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Professor of Molecular Physiology and Biophysics
Office: 6-472 BSBIowa City, IA 52242
Lab: 6-473, 6-566 BSBIowa City, IA 52242
Email: email@example.comWeb: Departmental Profile
BS, Pharmacy, University of WyomingPhD, Pharmacology, University of Washington
Biosciences Graduate ProgramDepartment of Molecular Physiology and Biophysics PhDInterdisciplinary Graduate Program in GeneticsInterdisciplinary Graduate Program in Neuroscience
Genetic analysis of locomotion behavior: molecular mechanisms of sensory signal transduction. Coordination of rhythmic locomotion such as crawling, swimming or walking depends upon a precisely balanced interplay between central and peripheral control mechanisms. Disruptions of this relationship caused by stroke, athletic injuries, peripheral neuropathy or osteoarthiritis can result in severe defects in motor control. Although significant advances have been made recently, we still have a relatively poor molecular understanding of how peripheral proprioceptive mechanosensory input is able to provide information about body position for moment to moment modifications of central mechanisms mediating rhythmic motor output.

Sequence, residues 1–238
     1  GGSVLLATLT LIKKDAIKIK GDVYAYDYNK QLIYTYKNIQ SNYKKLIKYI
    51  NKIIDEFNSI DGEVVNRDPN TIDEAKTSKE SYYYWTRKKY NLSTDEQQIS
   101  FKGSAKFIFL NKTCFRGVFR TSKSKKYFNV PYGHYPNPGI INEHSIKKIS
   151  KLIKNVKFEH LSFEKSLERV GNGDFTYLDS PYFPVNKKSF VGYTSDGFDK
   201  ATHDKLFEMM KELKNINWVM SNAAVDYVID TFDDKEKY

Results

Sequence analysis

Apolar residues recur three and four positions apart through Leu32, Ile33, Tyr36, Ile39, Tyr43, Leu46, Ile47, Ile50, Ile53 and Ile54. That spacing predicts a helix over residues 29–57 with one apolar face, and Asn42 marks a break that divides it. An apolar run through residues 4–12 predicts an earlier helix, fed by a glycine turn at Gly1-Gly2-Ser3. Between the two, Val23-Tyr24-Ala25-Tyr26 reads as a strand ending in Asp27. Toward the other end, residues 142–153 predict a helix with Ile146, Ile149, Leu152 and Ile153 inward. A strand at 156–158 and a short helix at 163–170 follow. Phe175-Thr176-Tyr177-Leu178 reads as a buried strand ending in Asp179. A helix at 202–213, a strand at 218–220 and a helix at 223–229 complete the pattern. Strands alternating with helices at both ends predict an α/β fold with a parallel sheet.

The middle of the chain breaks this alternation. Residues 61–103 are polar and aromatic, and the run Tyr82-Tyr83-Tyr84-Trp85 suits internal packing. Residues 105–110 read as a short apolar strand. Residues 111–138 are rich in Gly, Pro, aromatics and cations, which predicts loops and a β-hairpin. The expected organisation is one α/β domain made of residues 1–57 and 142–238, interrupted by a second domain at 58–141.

Does mechanosensory signaling in proprioceptive neurons designed to detect stretch or tension require a different signaling complex than neurons functioning in external touch sensation? We have developed a genetic model system in Drosophila to examine the molecular components of proprioceptive mechanosensation in type II multiple dendritic(md) sensory neurons. We have isolated a series of locomotion mutants displaying an unusual enhanced locomotion phenotype indicative of altered motor control. These mutant larvae crawl faster and farther with fewer stops and turns than wild-type larvae. One mutant gene encodes a Drosophila epithelial sodium channel subunit, Pickpocket1, making it a candidate mechanotransduction channel. We are currently utilizing the genomic and genetic resources available in the Drosophila system to clone other enhanced locomotion genes in our collection. Combined with an electrophysiological analysis of multiple dendritic neuron function, this molecular information should allow a more detailed characterization of their physiological functions and their relationships to each other.
Date Last Modified: 06/07/2014 -
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